As America goes into its fifty-fifth presidential election, we should remember that there might have been only one—if we hadn’t had the only candidate on earth who could do the job

THERE WERE NO PRIMARIES BACK THEN TO SELECT presidential candidates, no organized political parties, no orchestrated campaigns, not even any established election procedures. Read more >>

A sampling of the wisdom of Americans from Ben Franklin to Cameron Crowe

A major new installation at the Smithsonian Institution explores the nation’s biggest and most important job

When John Adams was elected President, and Thomas Jefferson Vice President, each came to see the other as a traitor. Out of their enmity grew our modern political system.

How bad is it when Presidents get really sore?

The rumor first began to spread around Washington last year: Sen. John McCain had a skeleton in his closet. Was it something to do with his past as a war hero in Vietnam? His voting record in the Senate? Read more >>

Smarter than stupid, of course; but does the intellectual tradition that began with the century suggest there is such a thing as being too smart for the country’s good?

He had a long, intimate friendship that stayed unknown for almost half a century after his death

The elder statesman sets the record straight on JFK, LBJ, Stalin, the bomb, Charles de Gaulle, Douglas MacArthur—and, most of all, the American Presidency

I can still see Harry and Bess Truman coming toward us across the crowded terminal of the Kansas City airport on that night in 1970, their eighty-six-year-old faces pinched and almost grim with concern. Read more >>
Down with the debunking biographer,” Lyndon Johnson wrote in his college newspaper in 1929. “It now seems to be quite a thing to pull down the mighty from their seats and roll them in the mire. This practice deserves pronounced condemnation. Read more >>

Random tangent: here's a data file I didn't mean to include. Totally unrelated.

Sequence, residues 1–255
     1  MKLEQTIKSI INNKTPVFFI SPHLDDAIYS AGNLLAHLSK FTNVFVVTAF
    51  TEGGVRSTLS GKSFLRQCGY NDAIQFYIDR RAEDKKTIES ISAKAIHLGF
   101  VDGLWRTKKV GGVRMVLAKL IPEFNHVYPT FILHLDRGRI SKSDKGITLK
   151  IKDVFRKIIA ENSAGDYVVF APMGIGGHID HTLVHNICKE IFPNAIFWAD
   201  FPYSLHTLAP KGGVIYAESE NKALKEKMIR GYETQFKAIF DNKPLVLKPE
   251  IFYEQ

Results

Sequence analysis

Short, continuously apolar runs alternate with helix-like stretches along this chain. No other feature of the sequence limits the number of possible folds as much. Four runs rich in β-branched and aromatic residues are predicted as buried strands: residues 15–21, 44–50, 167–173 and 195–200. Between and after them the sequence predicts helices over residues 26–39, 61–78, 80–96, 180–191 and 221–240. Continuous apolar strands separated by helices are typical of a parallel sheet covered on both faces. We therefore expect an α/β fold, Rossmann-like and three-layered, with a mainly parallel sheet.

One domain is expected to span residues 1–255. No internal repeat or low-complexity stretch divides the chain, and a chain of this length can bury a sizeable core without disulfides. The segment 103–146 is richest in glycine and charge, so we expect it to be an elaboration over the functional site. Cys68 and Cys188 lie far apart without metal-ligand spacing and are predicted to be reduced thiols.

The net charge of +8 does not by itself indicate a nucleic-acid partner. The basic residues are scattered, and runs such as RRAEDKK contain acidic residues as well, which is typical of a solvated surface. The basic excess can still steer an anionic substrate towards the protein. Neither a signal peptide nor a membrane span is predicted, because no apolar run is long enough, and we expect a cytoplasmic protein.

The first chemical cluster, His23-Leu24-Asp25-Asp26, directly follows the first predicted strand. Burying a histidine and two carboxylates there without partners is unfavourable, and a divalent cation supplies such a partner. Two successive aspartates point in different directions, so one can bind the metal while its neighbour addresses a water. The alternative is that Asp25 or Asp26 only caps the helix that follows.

It’s not surprising that Democrats seek to wrap themselves in the Roosevelt cloak; what’s harder to understand is why so many Republicans do too. A distinguished historian explains.

On June 2 the first and last presidential wedding took place in the White House: President Grover Cleveland, a rotund forty-nine-year-old bachelor, married the statuesque Frances Folsom, twenty-three. Read more >>

The early years of our republic produced dozens of great leaders. A historian explains how men like Adams and Jefferson were selected for public office, and tells why the machinery that raised them became obsolete.

THERE IS NO clear consensus on what constitutes greatness, nor are there any objective criteria for measuring it—but when we look at holders of high public offices and at the current field of candidates, we know it is missing. Read more >>

Was the murdered President one of our best, a man of “vigor, rationality, and noble vision” or was he “an optical illusion,” “an expensively programmed waxwork”? A noted historian examines the mottled evolution of his reputation.

The murder of John F. Kennedy twenty years ago last month occasioned an overwhelming sense of grief that may be without parallel in our history. Read more >>

An Interview With Theodore H. White

From the End of the Earth to the Oval Office

“To be President of the United States,” wrote Harry Truman, “is to be lonely, very lonely. Read more >>

For TR, the nation s highest office was never a burden; he loved the job, and Americans loved him for loving it